Tying the various performances together was a story line about a plane carrying a starlet and her overworked assistant which crashes onto a jungle island filled with wild animals and unfriendly natives, a very cute dinosaur on stilts, and a starlet-charming gorilla—a kind of King Kong of thirties-era adventure movies. The costumes and makeup were wonderful, and lent the event a high production value, and for the price of a $20, it wasn’t cheap. Sets were minimal with the exception of a funny silver lame soft-sculpture plane that comes swinging onto the stage, much like the chandelier in the Broadway musical The Phantom of the Opera. But with aerialism, the colorful swaths of silk from which the performers hang, create the main visual focus. The lighting at times wasn’t the best, leaving the upper reaches of the space unlit and performers in the dark. There were two live drummers, accompanying mostly recorded pop hits, which was total audio upbeat.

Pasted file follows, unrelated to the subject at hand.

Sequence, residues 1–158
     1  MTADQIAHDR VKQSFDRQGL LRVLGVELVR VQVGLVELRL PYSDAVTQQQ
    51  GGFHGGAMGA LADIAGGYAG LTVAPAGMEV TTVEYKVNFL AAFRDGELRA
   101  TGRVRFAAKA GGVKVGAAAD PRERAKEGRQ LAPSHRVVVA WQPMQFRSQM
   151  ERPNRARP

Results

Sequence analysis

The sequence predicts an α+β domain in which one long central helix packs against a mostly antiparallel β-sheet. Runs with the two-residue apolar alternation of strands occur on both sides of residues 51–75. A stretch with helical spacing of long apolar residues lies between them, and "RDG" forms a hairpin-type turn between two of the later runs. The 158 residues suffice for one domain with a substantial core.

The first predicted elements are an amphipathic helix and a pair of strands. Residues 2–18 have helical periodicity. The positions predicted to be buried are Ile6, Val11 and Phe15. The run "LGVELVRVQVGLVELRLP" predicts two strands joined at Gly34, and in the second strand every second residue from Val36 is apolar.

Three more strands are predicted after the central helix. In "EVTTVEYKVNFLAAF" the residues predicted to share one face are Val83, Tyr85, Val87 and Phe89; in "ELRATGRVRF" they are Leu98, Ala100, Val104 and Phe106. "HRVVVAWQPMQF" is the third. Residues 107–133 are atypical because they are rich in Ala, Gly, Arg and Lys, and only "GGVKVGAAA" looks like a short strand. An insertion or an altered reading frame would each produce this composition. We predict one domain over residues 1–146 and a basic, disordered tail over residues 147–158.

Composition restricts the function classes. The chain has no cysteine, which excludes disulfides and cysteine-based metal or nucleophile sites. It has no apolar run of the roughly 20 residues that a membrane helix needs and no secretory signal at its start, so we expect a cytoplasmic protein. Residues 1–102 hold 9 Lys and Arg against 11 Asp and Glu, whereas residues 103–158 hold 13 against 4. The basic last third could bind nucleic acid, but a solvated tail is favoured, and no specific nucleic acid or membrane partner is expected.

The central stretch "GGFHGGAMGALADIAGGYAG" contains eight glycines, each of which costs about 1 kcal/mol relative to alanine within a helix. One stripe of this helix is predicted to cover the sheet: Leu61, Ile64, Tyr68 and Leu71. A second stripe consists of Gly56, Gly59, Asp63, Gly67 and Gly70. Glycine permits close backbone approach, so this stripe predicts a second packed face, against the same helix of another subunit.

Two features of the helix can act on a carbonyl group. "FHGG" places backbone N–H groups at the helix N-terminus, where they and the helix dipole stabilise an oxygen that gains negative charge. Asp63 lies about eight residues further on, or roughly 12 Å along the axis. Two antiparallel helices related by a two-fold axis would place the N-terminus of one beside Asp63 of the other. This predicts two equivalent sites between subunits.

There were many sequences usually involving more than one performer. Watching four aerialists at a time can be tricky, especially when they get out of synch. It’s difficult to actually see anything but flailing limbs, I had to focus on one performer at a time.
Some stunning highlights included the cat sequence. With a feline sensuality, the cats slid vertically down the silk evoking a veritable prowl. I loved that move, as did the audience who let out a collaborative “oooo.” The three snakes were also artfully choreographed with three tiers creating a unified yet ever changing composition. There was a thrilling fire act, a duo of frogs performing acrobatics on a bar, and the native queen soloing from a large hoop.
Ahoya was definitely fun and made me want to try the silks! I was thankful for the story and the other theatrics inserted, because even nubile young bodies can get tedious to watch. But, hey, it left me smiling!